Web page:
Saturday, May 21, 2022

it's a perfect day (you're going to reap just what you sow)

 

Is the small the image of the large? Is time the image of eternity? Or are we talking about separate domains, here? I woke up this morning feeling like stretching. The rain yesterday had driven away, briefly, the pre-summer heat that was much remarked by the papers. I thought that this morning would be perfect. I thought my life was perfect.  I would make coffee. We would have croissants and coffee. A. would write, Adam would sleep,  and I would read Wallace Stevens’ Sunday Morning for its perfect first five lines:

Complacencies of the peignoir, and late

Coffee and oranges in a sunny chair,

And the green freedom of a cockatoo

Upon a rug mingle to dissipate

The holy hush of ancient sacrifice.

I should say that the last line, which operates as a showrunner for the poem, is not exactly perfectly matched to the complacencies of the peignoir, but then again, an image needs a jar, and we can’t live in complacencies for too long – the small extended becomes not the image of the perfect but the distortion of the perfect, an isolation from the real influxes of labor, time and others that made the peignoir, set the table, grew the coffee beans and oranges, built and named the calendar, and can be unfolded ad infinitum from the smallest social atomie.

Of course, the self, one could argue, the ultra contemporary self, is half papier maché, or half computer screen now that paper’s obsolete, and half sensuality. A tweet, a video, and then it is not simply gone, but its chance is wasted.

But isn’t that the whole American disease? The idea that life is ‘opportunity’. Opportunity, that old devil, which makes us tally up the small as a series of hits and misses. Opportunity costs – what a satanic phrase!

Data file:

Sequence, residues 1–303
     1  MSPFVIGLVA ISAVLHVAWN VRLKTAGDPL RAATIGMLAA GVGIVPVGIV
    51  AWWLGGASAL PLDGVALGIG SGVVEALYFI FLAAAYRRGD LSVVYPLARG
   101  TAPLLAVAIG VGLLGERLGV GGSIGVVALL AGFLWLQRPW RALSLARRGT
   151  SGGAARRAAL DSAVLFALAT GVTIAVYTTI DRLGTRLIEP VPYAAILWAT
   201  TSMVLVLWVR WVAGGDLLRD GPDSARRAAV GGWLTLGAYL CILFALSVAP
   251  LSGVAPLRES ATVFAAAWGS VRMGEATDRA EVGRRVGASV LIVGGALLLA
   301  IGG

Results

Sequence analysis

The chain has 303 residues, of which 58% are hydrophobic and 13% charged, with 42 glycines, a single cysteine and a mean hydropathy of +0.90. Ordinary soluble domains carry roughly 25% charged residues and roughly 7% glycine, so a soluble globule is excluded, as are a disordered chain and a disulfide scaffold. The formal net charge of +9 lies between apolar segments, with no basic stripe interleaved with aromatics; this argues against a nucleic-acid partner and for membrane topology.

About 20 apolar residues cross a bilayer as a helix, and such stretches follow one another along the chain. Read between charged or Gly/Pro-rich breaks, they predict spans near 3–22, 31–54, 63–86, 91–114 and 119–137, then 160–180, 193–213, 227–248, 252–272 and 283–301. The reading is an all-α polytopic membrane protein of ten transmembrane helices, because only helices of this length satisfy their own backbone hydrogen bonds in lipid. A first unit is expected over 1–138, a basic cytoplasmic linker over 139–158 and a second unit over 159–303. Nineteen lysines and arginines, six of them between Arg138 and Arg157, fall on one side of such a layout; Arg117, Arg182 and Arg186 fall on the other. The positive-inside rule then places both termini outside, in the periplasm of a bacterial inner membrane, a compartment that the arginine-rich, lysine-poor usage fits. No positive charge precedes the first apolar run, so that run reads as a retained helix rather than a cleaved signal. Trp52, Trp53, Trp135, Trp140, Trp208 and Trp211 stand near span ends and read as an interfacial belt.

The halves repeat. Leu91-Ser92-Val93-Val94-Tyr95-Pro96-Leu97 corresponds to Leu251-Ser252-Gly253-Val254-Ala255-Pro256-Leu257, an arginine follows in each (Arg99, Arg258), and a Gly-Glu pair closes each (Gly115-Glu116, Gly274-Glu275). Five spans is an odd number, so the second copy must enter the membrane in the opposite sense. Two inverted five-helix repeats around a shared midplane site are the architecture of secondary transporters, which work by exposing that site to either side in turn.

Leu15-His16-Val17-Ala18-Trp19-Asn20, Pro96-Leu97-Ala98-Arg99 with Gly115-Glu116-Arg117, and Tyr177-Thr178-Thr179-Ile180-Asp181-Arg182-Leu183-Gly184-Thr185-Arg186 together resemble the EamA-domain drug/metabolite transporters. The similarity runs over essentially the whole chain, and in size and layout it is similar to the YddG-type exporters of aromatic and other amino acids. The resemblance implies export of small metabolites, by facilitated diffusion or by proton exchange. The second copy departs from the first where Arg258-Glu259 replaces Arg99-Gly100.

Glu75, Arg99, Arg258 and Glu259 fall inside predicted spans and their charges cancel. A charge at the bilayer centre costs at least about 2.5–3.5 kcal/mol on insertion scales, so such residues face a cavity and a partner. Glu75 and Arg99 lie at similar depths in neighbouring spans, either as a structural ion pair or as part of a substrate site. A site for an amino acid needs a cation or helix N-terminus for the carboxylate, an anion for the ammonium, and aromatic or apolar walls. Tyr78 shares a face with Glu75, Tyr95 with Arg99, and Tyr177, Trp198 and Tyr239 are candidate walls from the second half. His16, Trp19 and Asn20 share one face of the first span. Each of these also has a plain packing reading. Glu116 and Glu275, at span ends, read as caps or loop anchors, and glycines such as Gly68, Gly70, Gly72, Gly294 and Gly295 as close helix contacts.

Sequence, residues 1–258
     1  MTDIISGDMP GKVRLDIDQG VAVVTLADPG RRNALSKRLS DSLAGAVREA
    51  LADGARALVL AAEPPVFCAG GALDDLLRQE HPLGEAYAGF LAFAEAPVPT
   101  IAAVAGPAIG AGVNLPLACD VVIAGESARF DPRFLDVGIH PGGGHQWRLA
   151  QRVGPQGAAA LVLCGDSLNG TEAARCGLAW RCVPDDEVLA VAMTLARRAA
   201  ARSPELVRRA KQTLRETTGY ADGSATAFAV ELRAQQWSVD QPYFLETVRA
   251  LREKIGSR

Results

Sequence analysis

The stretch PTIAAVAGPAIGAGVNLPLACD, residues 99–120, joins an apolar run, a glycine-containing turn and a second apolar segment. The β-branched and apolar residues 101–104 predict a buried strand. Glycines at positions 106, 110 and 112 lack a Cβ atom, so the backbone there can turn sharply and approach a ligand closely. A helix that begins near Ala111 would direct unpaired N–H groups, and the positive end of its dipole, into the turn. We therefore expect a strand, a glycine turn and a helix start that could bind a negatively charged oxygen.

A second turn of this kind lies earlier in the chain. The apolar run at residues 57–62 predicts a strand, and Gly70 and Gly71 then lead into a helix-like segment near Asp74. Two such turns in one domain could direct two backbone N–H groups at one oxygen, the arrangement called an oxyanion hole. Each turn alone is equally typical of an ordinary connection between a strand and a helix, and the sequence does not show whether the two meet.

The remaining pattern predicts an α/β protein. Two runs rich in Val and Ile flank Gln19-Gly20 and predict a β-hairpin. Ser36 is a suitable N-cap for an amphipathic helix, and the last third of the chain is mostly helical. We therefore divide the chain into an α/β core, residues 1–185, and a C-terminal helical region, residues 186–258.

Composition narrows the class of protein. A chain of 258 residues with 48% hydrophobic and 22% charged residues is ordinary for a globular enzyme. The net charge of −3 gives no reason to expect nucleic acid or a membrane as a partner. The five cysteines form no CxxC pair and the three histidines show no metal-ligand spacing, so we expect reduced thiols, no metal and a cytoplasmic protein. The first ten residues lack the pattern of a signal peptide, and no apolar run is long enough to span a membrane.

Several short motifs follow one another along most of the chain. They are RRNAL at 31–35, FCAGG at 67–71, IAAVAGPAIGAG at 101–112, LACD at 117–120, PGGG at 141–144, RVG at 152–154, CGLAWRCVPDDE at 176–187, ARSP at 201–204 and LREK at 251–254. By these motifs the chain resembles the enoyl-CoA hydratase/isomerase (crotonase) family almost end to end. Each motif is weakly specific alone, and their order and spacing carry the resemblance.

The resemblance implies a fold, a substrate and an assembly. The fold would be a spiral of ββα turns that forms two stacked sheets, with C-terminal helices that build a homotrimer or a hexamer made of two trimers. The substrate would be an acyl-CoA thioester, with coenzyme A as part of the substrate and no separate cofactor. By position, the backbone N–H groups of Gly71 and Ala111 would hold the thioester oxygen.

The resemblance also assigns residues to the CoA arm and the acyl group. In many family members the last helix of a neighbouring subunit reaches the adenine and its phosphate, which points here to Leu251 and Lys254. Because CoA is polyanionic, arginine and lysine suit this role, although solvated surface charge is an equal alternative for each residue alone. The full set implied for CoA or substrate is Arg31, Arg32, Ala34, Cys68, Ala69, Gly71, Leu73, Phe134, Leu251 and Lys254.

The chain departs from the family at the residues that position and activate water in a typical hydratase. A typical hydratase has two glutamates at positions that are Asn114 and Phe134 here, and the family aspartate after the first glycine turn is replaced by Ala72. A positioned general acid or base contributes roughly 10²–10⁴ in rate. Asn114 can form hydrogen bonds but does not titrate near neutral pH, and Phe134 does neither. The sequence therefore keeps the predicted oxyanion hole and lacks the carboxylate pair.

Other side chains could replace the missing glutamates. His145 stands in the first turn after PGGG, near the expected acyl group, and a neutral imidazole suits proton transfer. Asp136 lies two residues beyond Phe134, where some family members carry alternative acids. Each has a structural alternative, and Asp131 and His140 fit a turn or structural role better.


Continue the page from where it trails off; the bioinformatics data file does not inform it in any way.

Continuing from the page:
But at least it gets us out of bed.

 

Shall she not find in comforts of the sun,

In pungent fruit and bright, green wings, or else

In any balm or beauty of the earth,

Things to be cherished like the thought of heaven?

Divinity must live within herself:

Passions of rain, or moods in falling snow;

Grievings in loneliness, or unsubdued

Elations when the forest blooms; gusty

Emotions on wet roads on autumn nights;

All pleasures and all pains, remembering

The bough of summer and the winter branch.

 

 

  

Thursday, May 19, 2022

Narcissistic Christianity

 Somewhere, in my head, I am kicking around a thesis about American Christianity - and notably, the way Christianity takes a narcissistic turn in America. Jesus, except as a figurehead, no longer counts - and this devaluation of Jesus, not only as a teacher, but as a person in general, is a very narcissistic gesture. Narcissism as the foundation of the relationship with God - a relationship put explicitly in terms of being a white American in relation to God - creates a certain bizarre cultural formation. How the narcissistic turn came about in Cold War and post-Cold War America, particularly in evangelical circles (accompanied by a certain rightwing Catholic group) is a problem for the historian of religion. Of course, it is a problem for us all, in as much as one of the great war crimes, that of spending trillions on the military, has resulted in a narcissicist Christian nation having thousands of nuclear warheads, billions of gallons of napalm, and so on.

Wednesday, May 18, 2022

the man who went out to find fear

 

In the 00s, that time of Bush and theory blogs, I saw a lot of mentions of weirdness and Thomas Ligotti and Lovecraft and the like, and I paid no attention. I’ve never been a horror movie buff, and though I like Georges Bataille as much as your average American working stiff, I took abjection to be a much more hoity toity thing than Friday the 13th IV or whatever. Give me a meditation on the big toe or give me death! As the old motto goes.  As a kid, I read some weird tales, or so I vaguely remember, but not Lovecraft. And as an older beast, I have pretty much the same reaction to Lovecraft’s prose as Edmund Wilson did, who dissed him in the New Yorker in the1940s for being the kind of writer who imagines the words instead of the thing. In fact, who doesn’t? It is just that some writers imagine, hmm, better words.

 

However, back in the 00s, I little imagined I would have a boy. I especially didn’t imagine that my boy would adore horror and, at the tender age of nine, become a big Stephen King fan. So I have been trying to backfill, as it were, this tendency with the classics. And here Lovecraft does loom large.